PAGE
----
I have these dumb apps on my phone which tell me week by week what fruit the babies supposedly resemble, size wise. The Bump says they’re cantaloupes this week, while What to Expect says “ear of corn.” (Huh? How can a baby be the size of an ear of corn? And furthermore, who decided to put “endive” on the list? Who knows anything about the size of an endive?) These comparisons are supposed to get us moms-to-be excited, picturing what’s happening within us more vividly, I guess. But, needless to say, picturing two ears of corn in my belly doesn’t really make me feel motherly.
However, one thing did make me feel it this week. We took a tour of the UCLA BirthPlace, where, Lord willin’ and the creek don’t rise, we will be escorting these two precious souls into the physical realm in 14 weeks or less. That doesn’t sound like long.
As we walked the hallways with other couples, looking at the amenities in the private rooms, with their adjustable lighting for ambience and their couch where my husband will be sleeping, the reality began to set in. THIS IS HAPPENING. I actually began to get excited by the prospect of giving birth, once the nurse clarified some things I’d been worried about: UCLA supports natural births and only intervenes when absolutely necessary. They let you wear your clothes, play your music, put flameless candles around the room…they even give you lavender oil if you want, and they make sure that every baby gets skin-to-skin contact with mom as soon as possible. Babies aren’t taken to the nursery; they stay in the room with their mom and dad. And there’s an iPad menu where you can order whatever food you want, rather than eating smelly hospital food. I’m sure it’s not going to be the most fun I’ve ever had, but it doesn’t scare me at the moment.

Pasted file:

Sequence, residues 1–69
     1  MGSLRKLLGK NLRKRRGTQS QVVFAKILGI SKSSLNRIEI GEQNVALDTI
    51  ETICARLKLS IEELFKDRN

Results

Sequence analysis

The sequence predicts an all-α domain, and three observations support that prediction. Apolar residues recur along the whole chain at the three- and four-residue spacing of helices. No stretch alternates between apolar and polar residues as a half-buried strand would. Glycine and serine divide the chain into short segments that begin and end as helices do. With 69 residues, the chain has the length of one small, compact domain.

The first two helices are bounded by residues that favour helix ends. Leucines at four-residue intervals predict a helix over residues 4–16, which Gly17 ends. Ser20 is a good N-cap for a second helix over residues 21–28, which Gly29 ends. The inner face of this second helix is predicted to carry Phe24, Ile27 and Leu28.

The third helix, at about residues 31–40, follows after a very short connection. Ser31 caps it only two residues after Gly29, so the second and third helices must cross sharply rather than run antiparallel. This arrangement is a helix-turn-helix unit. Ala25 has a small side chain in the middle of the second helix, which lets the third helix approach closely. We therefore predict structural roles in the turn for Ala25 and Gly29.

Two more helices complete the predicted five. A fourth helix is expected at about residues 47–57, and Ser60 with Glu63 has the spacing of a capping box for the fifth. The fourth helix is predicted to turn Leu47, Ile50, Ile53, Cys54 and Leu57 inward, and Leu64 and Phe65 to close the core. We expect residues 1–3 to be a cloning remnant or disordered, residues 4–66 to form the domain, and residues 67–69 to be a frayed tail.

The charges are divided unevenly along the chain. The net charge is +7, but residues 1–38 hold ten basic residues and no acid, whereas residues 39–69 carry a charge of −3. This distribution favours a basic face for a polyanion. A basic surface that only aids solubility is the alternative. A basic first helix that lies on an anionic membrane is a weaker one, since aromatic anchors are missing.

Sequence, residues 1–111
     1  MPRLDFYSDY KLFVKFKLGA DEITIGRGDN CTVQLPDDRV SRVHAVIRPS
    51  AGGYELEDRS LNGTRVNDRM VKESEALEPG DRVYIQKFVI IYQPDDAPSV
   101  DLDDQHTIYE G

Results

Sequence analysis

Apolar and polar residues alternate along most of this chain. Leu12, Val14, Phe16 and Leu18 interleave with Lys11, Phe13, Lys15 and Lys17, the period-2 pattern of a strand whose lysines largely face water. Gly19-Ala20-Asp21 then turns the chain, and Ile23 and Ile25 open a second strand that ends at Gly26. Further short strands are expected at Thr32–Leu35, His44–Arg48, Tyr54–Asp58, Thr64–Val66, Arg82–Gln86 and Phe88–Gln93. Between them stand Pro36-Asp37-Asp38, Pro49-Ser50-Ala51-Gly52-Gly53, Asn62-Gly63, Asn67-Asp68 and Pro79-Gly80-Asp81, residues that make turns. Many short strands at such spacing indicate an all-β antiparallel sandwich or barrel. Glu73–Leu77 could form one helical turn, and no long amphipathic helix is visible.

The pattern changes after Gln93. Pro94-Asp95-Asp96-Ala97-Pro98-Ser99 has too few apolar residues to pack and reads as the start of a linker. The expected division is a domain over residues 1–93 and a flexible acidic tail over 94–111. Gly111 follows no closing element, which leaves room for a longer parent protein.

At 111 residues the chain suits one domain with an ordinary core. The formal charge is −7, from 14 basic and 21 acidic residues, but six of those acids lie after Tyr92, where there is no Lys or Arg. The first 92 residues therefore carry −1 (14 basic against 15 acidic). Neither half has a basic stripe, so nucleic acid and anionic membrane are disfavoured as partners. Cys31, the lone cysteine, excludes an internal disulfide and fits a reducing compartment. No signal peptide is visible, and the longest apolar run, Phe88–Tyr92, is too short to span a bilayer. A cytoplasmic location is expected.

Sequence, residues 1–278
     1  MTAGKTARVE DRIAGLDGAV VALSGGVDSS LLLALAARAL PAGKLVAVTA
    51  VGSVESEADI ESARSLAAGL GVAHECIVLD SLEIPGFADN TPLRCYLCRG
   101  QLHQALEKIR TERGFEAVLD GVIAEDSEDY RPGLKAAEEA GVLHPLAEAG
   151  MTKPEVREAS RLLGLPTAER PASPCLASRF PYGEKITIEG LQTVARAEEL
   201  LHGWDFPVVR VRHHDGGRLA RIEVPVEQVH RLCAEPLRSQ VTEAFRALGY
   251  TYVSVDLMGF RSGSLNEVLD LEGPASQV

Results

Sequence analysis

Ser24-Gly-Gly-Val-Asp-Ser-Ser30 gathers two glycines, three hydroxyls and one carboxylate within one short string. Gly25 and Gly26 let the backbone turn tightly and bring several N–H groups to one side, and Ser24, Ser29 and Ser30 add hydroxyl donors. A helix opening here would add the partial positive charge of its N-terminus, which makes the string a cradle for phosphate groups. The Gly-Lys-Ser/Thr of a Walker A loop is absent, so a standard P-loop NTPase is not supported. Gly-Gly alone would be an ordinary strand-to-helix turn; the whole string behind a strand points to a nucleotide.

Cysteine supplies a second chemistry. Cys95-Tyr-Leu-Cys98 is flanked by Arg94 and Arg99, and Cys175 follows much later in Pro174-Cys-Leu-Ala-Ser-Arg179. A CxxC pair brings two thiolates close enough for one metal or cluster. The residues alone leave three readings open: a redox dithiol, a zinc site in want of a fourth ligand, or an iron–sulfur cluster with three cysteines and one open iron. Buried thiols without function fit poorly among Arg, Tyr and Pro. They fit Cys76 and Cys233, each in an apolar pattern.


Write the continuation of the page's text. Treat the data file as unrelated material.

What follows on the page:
I know that, depending on the babies’ placement and size and such, I may not be able to avoid an intervention when the time comes, but I am at least going to do everything I can to make sure these two cook as long and healthily as possible so we can keep them out of the NICU and bring them straight into our arms.